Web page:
Monday, July 25, 2016

Amazing: At its height, the Catholic Church was the largest landholder in Vietnam

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The statue is in Vung Tau and the Communists were initially going to destroy it after 1975, but fortunately did not.  It is magnificent and a must see when visiting the beach.  Spent my honeymoon there as well as visiting many other times.


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Saigon,1964 with the Republic of Vietnam flags flying.

I have lived in Vietnam for over 10 years, but had never heard that the Catholic church was the largest landholder at one time. As Robert Edward Lee said, you will learn something new everyday until the day you die. The land in front of the magnificent church in downtown Saigon (above) was named John F. Kennedy Square until the Communists changed it.  I plan on going back after Thanksgiving where I will travel to Long Xuyen to visit the Catholic church there (below) which seats 1,000  and make good on a promise I made 22 years ago.

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In some northern provinces, more than a quarter of the population was Catholic and the church wielded significant clout. After the communists came to power in 1954, an estimated 750,000 Catholics migrated south, ballooning the population. Under Diem, Catholics held officer positions at double the rate of the rest of the population, according to historian Anthony James Joes; after the migration, as many as one in seven Saigonese were Catholic.

That position of prominence came to a resounding close in April 1975, when the North Vietnamese gained control of South Vietnam. Traditional communism had little place for religion, less so for one associated alternatively with colonialism and anti-Viet Minh sentiments.

 Brutal crackdown
 
The results were brutal and immediate. One Jesuit official recalled to ucanews.com that half of the order's 12 priests were jailed.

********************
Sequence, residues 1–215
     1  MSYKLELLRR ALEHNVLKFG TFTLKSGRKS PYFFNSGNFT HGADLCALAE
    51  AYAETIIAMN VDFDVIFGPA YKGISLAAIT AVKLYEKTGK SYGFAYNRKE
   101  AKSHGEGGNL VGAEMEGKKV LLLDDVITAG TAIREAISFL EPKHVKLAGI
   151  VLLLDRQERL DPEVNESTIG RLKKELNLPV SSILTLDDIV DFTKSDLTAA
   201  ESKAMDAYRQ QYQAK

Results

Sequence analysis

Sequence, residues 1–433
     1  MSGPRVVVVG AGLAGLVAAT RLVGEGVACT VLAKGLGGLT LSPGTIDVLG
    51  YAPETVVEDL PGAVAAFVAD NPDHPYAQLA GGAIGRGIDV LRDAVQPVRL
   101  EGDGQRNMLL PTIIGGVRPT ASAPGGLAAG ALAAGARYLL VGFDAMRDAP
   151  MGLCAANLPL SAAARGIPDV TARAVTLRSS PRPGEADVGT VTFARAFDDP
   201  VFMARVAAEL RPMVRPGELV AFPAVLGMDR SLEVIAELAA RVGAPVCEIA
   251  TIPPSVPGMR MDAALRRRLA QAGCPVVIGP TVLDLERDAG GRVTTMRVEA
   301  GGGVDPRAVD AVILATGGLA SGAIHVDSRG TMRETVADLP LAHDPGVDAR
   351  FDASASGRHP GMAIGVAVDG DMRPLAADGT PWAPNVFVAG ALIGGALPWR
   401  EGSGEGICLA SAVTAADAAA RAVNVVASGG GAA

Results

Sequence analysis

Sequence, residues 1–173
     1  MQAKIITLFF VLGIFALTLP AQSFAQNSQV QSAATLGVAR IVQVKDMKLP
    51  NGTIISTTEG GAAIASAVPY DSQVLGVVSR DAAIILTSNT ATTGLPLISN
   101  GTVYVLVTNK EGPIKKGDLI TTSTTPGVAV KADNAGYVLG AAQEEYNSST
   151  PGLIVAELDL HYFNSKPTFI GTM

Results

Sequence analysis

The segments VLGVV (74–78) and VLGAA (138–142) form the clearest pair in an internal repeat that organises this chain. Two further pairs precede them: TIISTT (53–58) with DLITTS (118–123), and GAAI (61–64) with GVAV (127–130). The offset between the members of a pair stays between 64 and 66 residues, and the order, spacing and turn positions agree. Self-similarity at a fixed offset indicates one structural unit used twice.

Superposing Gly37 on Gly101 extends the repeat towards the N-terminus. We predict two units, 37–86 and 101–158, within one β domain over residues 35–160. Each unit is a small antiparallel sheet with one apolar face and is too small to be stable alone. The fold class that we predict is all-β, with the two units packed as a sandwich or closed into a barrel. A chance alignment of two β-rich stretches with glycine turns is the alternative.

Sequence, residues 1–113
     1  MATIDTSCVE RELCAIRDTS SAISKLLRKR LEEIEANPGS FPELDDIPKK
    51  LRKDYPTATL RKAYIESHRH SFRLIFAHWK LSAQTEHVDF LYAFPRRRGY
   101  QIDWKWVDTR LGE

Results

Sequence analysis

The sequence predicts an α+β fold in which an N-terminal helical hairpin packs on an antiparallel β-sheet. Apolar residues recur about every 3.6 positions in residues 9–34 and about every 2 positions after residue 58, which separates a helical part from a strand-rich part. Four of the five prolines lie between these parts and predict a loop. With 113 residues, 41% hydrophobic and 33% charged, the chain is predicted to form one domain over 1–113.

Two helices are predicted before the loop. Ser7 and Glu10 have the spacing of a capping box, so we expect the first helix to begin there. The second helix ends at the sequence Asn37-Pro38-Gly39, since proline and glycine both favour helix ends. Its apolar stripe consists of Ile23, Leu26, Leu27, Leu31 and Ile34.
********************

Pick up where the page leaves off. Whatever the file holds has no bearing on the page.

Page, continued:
"The new regime wasted no time in taking various measures against the Southern Catholic community," writes political scientist Nguyen Van Canh in Vietnam Under Communism: 1975-1982. "The new relationship between church and state in Vietnam requires the Catholic Church to endorse the party line even on ecclesiastical matters."

Arrests and harassment became common, work was scheduled so as to block people from attending Mass, and anti-Catholic raids were carried out on troublesome communities and churches, Nguyen recounts.

4 comments:

  1. indyjonesouthereJuly 25, 2016 at 2:53 PM

    I'll always remember the kids in school uniforms, usually white and maroon, that always had a smile and chirping away like crazy. They were always well cared for and most churches also ran orphanages to take care of kids without parents. The church always seemed a vibrant part of life in SVN and it doesn't surprise me that that is missing in the north.

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    1. Yes and girls in blue skirts/white blouses, then in upper grades, girls in white Ao Dais pedaling by on bicycles. Truly, a sight to behold. The Communists banned Ao Dais for a couple of years, but finally came back to their senses. :)

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  2. Little brother just moved to Saigon from Da Nang. I haven't talked to him since the move, but he had an awesome place in Da Nang, overlooking the water.

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    1. Thanks and I'm sure he will appreciate Saigon. It's strange, but the South Vietnamese are more polite, just as ours are. If you have something small you would like me to deliver to him when I go, I'll be more than happy to do so.

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